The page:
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The Sacred Hoop: Recovering the Feminine in American Indian Traditions

3.98  ·  Rating Details  ·  442 Ratings  ·  12 Reviews
This pioneering work, first published in 1986, documents the continuing vitality of American Indian traditions and the crucial role of women in those traditions.
Paperback, 311 pages
Published September 1st 1992 by Beacon Press (first published 1986)
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Though she sometimes succumbs to generalizations and risks merely substituting the dominance of one gender over the other in her theorization of matriarchal American Indian cultures, Paula Gunn Allen provides some really interesting ideas about the differences between American Indian literature and western literature as well as some useful analysis of major American Indian authors.

"The Sacred Hoop" provides the most insight into American Indian thought. Allen here argues, for instance, that “In
Miguel Amaya
Apr 03, 2016 Miguel Amaya rated it really liked it  ·  review of another edition
First off, I miss her. Dearly. Anyone who knew Paula (at UCLA, UC Berkeley) knew what a wonderful
scholar she was. You don't stay at UCB or UCLA for long with under-performance.

She did plenty of research for this text and it held up fairly well in its category. I'm somewhat disappointed that reviews don't bring up the fact that this text fills in many gaps that exist about Keres Pueblo groups and others. Even Vine Deloria grudgingly acknowledged its importance.

I once heard Paula share how hard i
Michelle Boyer
A good collection of discussions about American Indian women and their significance in American Indian traditions. Often, there are moments where this is presented as pan-Indian culture, but at other times there are moments where they attempt to be tribally specific. It works either way, but I wish there was more clarify about how this was going to be portrayed. Perhaps putting "pan-Indian" discussions in one half, "tribally specific" in another half. I'm not sure, but the formatting could have ...more
Cécilia L.
May 02, 2015 Cécilia L. rated it really liked it  ·  review of another edition
Shelves: native-americans
Very inspiring and beautiful, but at times, the arguments are layered with too much mysticism to be taken as sociological/ethnological facts.

Read as part of my corpus for a thesis.
Jul 18, 2009 aloveiz rated it really liked it  ·  review of another edition
Paula Gunn Allen is really a great and notable scholar. I am endlessly pleased with her essays. I have consistently found them to be encompassing, original and acute. It seems that she can write from all sides of the fence in the tesseract dimension of emotional identities.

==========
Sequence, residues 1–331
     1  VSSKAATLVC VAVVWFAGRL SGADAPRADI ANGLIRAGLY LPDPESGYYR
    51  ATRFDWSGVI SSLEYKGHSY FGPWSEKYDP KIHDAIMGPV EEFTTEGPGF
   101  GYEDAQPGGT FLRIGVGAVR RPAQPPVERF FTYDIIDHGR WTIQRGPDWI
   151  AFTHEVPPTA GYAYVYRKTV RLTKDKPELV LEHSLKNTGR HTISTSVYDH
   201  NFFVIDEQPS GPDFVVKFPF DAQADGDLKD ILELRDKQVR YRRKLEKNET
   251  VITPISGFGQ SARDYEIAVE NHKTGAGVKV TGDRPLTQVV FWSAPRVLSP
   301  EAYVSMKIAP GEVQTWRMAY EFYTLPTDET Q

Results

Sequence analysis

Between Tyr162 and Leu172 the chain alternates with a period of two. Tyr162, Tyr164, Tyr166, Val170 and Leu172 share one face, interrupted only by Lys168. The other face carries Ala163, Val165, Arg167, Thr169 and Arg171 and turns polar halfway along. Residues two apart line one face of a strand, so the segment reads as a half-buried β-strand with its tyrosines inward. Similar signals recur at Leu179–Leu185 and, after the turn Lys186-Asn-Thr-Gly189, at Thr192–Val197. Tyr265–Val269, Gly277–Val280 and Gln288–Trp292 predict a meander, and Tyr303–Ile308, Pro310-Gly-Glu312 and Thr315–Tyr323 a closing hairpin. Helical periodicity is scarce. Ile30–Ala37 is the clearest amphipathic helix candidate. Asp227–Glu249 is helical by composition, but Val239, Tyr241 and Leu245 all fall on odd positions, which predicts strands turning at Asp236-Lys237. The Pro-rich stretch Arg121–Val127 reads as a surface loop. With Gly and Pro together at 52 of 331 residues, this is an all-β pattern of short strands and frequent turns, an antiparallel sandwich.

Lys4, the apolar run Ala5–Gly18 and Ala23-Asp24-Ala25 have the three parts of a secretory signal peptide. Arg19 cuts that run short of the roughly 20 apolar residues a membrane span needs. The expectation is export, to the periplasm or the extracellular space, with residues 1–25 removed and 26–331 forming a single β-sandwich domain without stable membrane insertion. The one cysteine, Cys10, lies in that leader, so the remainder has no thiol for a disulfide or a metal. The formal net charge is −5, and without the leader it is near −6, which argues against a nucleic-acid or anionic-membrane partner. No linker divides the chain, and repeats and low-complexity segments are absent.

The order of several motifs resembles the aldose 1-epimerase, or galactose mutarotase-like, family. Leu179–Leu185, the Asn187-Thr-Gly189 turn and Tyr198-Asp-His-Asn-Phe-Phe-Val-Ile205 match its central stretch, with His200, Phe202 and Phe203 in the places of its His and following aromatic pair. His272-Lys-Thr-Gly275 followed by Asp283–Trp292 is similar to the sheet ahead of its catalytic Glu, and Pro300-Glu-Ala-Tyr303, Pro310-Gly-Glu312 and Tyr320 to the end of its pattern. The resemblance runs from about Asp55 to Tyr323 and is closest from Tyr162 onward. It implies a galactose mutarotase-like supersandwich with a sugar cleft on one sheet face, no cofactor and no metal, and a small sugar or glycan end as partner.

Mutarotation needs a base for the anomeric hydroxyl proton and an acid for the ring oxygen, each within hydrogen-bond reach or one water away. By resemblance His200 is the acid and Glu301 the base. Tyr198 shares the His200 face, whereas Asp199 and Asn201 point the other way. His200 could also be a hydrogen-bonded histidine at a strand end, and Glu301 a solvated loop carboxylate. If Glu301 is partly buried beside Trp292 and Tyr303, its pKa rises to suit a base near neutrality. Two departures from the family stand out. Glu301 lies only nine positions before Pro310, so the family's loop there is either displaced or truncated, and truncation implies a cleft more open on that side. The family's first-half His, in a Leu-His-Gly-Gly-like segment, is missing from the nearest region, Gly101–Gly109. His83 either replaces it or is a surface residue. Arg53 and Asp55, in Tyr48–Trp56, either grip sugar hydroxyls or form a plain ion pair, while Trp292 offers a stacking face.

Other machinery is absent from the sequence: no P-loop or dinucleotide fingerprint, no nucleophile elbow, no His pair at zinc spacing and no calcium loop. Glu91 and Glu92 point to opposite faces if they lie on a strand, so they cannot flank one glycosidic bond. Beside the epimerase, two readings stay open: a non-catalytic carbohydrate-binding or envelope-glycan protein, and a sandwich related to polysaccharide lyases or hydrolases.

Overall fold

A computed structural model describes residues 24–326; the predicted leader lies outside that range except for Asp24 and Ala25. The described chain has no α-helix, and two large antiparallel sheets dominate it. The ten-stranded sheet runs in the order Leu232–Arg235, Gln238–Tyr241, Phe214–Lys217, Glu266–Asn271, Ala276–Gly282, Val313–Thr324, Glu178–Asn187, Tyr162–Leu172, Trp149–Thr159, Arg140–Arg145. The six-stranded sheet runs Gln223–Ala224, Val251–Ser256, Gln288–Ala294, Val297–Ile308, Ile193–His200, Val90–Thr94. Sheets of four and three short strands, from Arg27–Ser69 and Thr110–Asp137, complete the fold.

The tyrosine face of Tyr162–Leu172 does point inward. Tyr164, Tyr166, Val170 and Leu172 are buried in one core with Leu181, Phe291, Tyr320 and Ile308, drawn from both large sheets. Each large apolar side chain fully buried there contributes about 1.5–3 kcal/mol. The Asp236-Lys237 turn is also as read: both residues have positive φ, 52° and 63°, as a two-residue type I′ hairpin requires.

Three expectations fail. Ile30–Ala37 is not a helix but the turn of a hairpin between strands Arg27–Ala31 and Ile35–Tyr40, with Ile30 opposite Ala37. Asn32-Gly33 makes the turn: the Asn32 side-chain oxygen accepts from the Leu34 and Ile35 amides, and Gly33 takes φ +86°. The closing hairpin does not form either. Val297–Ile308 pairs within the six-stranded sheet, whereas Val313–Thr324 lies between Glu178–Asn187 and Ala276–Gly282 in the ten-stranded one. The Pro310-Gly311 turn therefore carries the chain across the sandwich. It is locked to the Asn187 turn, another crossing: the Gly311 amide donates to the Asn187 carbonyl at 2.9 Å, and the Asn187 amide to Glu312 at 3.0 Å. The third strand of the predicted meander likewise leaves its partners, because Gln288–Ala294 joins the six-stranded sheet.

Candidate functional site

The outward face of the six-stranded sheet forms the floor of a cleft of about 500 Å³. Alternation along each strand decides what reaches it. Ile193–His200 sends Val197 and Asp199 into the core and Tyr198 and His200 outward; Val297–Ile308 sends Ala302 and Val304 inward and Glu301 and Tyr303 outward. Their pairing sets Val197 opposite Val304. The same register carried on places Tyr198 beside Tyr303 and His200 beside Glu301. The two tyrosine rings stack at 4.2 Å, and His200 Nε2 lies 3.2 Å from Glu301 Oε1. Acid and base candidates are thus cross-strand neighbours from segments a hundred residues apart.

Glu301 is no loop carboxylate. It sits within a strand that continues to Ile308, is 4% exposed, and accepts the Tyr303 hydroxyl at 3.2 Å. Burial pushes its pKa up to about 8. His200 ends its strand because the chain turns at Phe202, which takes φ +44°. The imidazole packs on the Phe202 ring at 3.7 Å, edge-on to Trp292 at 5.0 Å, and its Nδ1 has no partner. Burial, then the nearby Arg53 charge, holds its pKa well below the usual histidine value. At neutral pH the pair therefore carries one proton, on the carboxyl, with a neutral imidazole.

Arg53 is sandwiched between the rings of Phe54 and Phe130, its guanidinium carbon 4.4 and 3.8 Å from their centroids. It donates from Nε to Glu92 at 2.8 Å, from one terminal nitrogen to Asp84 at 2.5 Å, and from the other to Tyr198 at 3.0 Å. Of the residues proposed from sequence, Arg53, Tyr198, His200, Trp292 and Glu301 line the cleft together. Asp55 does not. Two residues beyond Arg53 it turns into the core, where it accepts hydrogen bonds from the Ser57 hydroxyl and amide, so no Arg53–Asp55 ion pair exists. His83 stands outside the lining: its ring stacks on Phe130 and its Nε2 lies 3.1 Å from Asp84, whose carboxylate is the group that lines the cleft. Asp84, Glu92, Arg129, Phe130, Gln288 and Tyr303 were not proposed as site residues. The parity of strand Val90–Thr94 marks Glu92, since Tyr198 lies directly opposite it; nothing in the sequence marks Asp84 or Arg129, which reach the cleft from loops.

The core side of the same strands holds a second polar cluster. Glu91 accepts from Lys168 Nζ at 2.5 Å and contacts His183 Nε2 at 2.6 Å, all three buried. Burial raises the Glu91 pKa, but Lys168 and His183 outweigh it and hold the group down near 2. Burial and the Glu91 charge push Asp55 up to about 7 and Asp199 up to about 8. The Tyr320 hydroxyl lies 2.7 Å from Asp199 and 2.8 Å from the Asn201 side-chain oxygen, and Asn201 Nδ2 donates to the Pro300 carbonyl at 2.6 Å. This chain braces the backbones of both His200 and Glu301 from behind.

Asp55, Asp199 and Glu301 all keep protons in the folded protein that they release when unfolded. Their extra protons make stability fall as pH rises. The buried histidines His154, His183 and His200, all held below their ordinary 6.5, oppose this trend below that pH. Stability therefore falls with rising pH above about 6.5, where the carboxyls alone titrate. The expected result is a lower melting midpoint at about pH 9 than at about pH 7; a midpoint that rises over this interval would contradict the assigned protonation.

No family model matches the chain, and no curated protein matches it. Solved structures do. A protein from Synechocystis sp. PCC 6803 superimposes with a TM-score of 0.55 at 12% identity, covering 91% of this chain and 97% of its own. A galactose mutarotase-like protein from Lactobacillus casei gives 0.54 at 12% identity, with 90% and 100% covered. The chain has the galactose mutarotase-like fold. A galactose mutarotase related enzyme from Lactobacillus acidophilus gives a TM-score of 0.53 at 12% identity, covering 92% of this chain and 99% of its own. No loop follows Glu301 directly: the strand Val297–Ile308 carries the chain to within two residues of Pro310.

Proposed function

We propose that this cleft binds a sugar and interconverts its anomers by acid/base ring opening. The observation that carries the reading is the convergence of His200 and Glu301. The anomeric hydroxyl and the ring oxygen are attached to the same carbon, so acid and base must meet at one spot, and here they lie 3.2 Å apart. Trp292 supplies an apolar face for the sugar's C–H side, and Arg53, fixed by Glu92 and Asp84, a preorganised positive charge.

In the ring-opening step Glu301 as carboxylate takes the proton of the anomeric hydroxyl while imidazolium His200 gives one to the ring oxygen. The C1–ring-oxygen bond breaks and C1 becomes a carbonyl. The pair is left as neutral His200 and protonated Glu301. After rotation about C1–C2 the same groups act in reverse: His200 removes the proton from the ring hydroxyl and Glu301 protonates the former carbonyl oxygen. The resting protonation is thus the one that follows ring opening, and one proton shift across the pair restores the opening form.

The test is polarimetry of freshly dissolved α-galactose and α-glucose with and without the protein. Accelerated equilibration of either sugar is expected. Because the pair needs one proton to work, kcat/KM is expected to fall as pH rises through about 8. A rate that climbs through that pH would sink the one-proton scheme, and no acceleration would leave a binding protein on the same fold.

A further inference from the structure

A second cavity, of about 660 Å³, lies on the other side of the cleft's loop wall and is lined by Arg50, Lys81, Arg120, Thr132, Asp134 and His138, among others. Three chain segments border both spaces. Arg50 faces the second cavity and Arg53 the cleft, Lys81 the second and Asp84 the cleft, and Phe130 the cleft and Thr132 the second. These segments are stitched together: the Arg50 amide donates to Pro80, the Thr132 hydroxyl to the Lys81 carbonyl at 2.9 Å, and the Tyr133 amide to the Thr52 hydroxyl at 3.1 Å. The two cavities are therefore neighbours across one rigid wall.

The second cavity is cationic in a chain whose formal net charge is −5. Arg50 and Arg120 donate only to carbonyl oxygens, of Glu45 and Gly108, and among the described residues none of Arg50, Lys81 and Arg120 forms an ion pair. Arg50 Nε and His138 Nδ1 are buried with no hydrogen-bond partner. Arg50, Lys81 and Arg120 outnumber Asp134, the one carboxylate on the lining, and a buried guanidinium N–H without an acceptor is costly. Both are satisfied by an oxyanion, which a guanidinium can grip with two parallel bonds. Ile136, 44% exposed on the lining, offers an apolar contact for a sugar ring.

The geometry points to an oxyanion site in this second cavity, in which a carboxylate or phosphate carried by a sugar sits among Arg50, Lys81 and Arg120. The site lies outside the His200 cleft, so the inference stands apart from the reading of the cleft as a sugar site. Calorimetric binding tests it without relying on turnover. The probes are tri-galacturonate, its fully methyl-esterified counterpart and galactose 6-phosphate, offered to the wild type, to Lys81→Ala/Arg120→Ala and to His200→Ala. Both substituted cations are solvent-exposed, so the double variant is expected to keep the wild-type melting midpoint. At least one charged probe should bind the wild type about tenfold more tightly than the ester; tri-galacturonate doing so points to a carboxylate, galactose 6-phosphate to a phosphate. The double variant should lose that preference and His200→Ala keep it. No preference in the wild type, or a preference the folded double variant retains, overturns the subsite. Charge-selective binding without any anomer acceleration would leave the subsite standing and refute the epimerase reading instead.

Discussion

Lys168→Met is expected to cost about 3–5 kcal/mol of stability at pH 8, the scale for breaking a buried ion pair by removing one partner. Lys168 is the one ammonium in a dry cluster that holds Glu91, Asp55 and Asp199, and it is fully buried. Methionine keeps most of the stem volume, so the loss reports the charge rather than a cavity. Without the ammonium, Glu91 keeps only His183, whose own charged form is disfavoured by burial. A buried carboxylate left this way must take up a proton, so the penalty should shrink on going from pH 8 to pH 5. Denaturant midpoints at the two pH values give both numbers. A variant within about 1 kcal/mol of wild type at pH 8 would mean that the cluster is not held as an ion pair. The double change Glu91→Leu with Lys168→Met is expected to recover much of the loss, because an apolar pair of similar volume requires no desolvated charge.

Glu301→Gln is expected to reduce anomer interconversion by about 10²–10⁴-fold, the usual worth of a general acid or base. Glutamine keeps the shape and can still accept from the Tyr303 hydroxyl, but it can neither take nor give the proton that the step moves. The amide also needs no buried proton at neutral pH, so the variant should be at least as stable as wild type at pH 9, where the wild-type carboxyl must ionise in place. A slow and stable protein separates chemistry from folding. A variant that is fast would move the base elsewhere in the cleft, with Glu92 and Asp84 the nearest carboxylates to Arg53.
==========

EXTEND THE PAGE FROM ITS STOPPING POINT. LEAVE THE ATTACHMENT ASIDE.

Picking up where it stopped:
Her impact is especially well executed through the subjects she chooses to address. Writing to a target audience of english teachers about how to teach literature that integrates native american art and the philosophical envir
Deb Owens
Aug 26, 2008 Deb Owens rated it it was ok  ·  review of another edition
Recommends it for: serious students of Native American cultures or feminism
Recommended to Deb by: O magazine
I used this book as a resource in my Field Project for college. It is a collection of writings by Gunn and other authors. As such, I found some articles more interesting/useful than others. Generally, the book describes the important role women in Native American cultures pre-contact with Europeans. A few articles describe the impact that reaches into problems with today's Native American cultures. Definitely not a light read.
Feb 06, 2008 Ciara rated it it was ok  ·  review of another edition
Shelves: books-i-ve-read
This book was pretty dissappointing to me. I was looking for a book that celebrated womanhood about Native Americans, with teachings and essays on the subject. But it's really dry, and deals more with modern issues specific to Indian women, and wasn't of much interest to me.
Jul 15, 2012 Nanu rated it really liked it  ·  review of another edition
Shelves: indigenous
She makes some very good points regarding the stereotyping that exists even among the indigenous peoples themselves... A very interesting read.
Nancy Rossman
It's not that I hated it. Again, I didn't finish this one. The problem is that it is way beyond my spiritual being, and that is what it is about.
Oct 14, 2013 Elizabeth rated it did not like it
Shelves: bought-2013
This review has been hidden because it contains spoilers. To view it, click here.
Jun 01, 2008 Sueb rated it really liked it  ·  review of another edition
I just heard she died
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Paula Gunn Allen was a Native American poet, literary critic, lesbian activist, and novelist.

Born Paula Marie Francis in Albuquerque, Allen grew up in Cubero, New Mexico, a Spanish-Mexican land grant village bordering the Laguna Pueblo reservation. Of mixed Laguna, Sioux, Scottish, and Lebanese-American descent, Allen always identified most closely with the people among whom she spent her childhoo
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